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Wednesday, October 13, 2010

Country Rejoices as Chilean Miners Are Brought to Freedom -

Country Rejoices as Chilean Miners Are Brought to Freedom -

SAN JOSÉ MINE, Chile — Two months, nine days, and eight hours after their excruciating ordeal began, the last of the 33 miners trapped in an apartment-sized hole a half mile under Chile was delivered safely to the earth’s surface, capping one of the most dramatic survival stories in mining history.
With the entire nation rapt and much of the world riveted, the last miner, Luis Urzua, rose smoothly out of the small hole in the ground, prompting an eruption of applause and cheers that seemed just as heartfelt as the outpouring that followed the emergence of the first miner nearly a day earlier.
The sight of the miner’s face — wearing sleek sunglasses to protect his fragile eyes from UV rays — brought a joyous end to an operation that began under grim circumstances in early August, when the mine caved in. For more than two weeks after the collapse, rescuers had no contact with the miners and could not be sure they were even alive. But by late evening here, the precarious mission to hoist the miners to safety had moved along so efficiently that it was clear it would end far ahead of schedule.
For 22 hours, the miners emerged at regular intervals in a pageant that has moved a worldwide audience — watching on television, on computers, even on mobile phones — to tears and laughter.
The second miner to reach the surface, Mario Sepúlveda, left the rescue capsule in a kind of victory dance, hugging family members and officials. He embraced the Chilean president, Sebastián Piñera, three times and presented people with gifts: rocks from the mine. He punched fists with the crowd and led a cheer: “Chi, Chi, Chi, le, le, le,” they shouted. “Miners of Chile!” The refrain echoed as subsequent miners reached the surface.
“I’ve been near God, but I’ve also been near the devil,” Mr. Sepúlveda said through a translator. “God won.”
The 12th miner — Edison Peña, 34, known for running miles in the mine tunnels every day — stepped from the escape capsule to rapturous cheers and the embrace of his girlfriend, and then another from Mr. Piñera.
“Thank God we’re alive,” Mr. Peña said. “I know now why we’re alive.”
Laurence Golborne, the mining minister, praised the rescue operation at an afternoon briefing on Wednesday, saying that officials were able to cut the time down between miners rescued from an hour to 45 minutes.
After the miners were pulled out, there were six rescue workers still left down in the mine, and they were to be pulled out next, Mr. Golborne said.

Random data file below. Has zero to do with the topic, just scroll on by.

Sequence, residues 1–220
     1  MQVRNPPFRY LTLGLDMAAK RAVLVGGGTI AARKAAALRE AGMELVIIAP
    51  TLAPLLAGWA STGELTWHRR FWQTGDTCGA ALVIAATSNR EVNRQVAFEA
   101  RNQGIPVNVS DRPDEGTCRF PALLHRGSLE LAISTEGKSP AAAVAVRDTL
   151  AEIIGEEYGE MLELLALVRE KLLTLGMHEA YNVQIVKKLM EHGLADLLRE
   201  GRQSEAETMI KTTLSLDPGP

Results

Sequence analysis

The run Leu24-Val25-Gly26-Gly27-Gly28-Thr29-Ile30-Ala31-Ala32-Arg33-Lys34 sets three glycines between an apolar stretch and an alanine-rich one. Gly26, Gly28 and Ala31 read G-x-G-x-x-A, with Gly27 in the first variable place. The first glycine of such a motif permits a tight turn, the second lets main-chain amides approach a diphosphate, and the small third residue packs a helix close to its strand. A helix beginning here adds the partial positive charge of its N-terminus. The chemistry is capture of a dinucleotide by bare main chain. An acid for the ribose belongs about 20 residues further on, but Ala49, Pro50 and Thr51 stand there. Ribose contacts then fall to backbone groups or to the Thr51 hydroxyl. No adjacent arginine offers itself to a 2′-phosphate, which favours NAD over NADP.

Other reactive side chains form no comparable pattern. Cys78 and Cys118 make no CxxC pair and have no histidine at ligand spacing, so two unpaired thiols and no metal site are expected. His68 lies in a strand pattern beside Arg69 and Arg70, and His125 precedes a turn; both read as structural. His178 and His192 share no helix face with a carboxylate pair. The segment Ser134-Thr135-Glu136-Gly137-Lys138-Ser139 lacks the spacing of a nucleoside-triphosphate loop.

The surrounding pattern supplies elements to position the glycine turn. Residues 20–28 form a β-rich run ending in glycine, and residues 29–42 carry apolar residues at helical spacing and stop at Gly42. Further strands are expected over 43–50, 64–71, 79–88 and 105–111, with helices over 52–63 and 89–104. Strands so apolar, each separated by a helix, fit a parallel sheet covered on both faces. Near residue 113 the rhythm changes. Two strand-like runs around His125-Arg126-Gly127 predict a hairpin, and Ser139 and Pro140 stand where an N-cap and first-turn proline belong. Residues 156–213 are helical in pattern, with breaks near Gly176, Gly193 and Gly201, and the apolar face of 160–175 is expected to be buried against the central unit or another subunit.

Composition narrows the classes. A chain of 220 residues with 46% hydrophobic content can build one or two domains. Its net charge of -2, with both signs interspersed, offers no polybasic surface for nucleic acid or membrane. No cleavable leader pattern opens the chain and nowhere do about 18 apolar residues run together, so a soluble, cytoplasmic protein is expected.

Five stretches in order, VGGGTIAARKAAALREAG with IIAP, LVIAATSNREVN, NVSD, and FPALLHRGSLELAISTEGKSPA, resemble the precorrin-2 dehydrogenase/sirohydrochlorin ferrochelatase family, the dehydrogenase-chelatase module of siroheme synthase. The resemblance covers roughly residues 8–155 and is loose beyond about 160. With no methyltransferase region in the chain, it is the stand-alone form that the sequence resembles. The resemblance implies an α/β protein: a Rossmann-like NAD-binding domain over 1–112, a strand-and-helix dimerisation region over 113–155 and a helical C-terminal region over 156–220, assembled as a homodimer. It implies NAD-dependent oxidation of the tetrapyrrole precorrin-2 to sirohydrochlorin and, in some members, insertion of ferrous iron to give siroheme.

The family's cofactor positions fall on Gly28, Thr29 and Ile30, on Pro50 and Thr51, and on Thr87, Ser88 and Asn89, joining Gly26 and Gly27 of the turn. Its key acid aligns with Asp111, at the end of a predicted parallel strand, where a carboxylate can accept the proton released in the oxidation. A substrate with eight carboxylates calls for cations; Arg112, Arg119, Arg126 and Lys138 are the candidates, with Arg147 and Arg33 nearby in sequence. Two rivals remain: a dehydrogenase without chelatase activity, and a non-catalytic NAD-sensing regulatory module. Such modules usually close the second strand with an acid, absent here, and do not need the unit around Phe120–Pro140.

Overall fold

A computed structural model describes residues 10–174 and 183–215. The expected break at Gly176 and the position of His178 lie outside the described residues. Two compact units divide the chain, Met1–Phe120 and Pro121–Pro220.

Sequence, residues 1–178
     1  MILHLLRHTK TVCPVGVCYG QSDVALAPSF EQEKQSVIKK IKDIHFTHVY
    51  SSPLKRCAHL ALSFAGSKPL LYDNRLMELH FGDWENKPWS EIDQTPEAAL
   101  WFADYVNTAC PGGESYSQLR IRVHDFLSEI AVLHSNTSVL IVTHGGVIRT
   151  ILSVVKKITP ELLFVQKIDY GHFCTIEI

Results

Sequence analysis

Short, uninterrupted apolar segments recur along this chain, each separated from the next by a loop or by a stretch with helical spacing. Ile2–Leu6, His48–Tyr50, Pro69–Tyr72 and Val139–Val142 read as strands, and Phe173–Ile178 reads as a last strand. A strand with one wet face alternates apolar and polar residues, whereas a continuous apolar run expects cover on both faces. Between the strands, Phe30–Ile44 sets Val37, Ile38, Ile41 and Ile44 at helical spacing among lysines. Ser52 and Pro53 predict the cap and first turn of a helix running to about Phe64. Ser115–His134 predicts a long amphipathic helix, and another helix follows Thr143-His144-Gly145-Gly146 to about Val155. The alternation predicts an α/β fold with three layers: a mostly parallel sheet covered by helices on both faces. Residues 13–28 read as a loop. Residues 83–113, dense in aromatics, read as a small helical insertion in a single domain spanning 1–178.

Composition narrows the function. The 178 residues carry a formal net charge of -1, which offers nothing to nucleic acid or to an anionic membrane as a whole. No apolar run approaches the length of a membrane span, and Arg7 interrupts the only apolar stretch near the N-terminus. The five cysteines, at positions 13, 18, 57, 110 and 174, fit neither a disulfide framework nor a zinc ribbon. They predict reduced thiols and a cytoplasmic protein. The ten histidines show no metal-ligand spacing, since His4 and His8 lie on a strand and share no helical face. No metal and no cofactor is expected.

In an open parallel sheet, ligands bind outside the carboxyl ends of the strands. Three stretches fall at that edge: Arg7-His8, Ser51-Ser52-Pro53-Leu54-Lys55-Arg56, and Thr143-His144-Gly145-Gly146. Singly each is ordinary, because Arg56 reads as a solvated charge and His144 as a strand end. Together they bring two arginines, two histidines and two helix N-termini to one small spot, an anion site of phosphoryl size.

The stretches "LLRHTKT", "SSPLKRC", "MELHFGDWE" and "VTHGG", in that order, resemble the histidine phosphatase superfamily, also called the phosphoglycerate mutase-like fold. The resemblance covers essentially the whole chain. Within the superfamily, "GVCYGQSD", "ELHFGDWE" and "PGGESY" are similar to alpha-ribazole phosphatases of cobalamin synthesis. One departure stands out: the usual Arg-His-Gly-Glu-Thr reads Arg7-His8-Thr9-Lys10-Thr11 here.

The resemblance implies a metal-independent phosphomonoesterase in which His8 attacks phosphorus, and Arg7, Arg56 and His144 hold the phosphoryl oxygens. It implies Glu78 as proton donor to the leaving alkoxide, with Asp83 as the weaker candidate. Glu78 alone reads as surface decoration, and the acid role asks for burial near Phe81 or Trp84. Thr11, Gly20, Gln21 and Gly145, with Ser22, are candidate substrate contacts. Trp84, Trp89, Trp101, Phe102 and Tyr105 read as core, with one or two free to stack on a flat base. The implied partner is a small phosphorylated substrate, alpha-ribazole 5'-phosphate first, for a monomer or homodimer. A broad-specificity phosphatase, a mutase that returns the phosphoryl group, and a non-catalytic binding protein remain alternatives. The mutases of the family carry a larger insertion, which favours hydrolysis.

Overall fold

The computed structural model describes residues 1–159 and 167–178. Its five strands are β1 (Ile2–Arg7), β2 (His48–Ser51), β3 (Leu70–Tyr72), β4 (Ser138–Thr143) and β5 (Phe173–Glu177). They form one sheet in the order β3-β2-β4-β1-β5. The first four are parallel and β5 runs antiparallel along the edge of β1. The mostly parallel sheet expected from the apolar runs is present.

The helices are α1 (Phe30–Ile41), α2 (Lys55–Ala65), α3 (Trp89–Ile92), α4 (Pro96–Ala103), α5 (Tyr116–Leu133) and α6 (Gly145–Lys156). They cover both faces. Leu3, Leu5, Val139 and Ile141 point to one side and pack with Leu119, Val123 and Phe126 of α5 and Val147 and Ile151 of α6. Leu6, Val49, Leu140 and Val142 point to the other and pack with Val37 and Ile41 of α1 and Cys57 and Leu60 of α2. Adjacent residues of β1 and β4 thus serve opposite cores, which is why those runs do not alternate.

Mr. Golborne said the most difficult rescue was that of Mario Gómez, 63, the oldest miner in the group, who had struggled with a lung condition. “We took additional precautions in this case, but he’s fine,” Mr. Golborne said. Mr. Gomez was the ninth man rescued. “Maybe we overdid it, but it’s better to do more than less.”
Jaime Mañalich, the health minister, said one patient was suffering from acute pneumonia and two others had dental infections requiring surgery, but that 17 of the first 20 miners rescued were in conditions that were “more than satisfactory.” To respect the privacy of the miners, he said he would not reveal the identity of the sick.
Mr. Mañalich said that two medical rescue workers were sent down to the mine, one to focus exclusively on the patient with pneumonia and to start him on a course of antibiotics. “He is now better than he was a couple of days ago,” he said. “If all goes well, at the very maximum, he should stay at the hospital through this weekend.”
Cameras inside the mine showed the miners sending off an evacuee with cheers, and another camera positioned on the top of the capsule carried images of a seemingly smooth shaft slipping by around a taut metal cable as a winch pulled the capsule up.
The race to save the miners has thrust Chile into a spotlight it has often sought but rarely experienced. While lauded for its economic management and austerity, the nation has often found the world’s attention trained more on its human rights violations and natural disasters than on uplifting moments.
The San Jose mine — which produced copper and gold — collapsed on Aug. 5, leaving 33 men unaccounted for. After 17 days of frantic drilling, rescuers made contact. What they found captivated the world — all the men had survived with their spirits apparently intact.
They had to withstand nearly two more months of waiting for this day, hanging firm to discipline and collaboration held firm in the lightless, dank space. Their perseverance has transfixed the globe with a universal story of human struggle and the enormously complex operation to rescue them.

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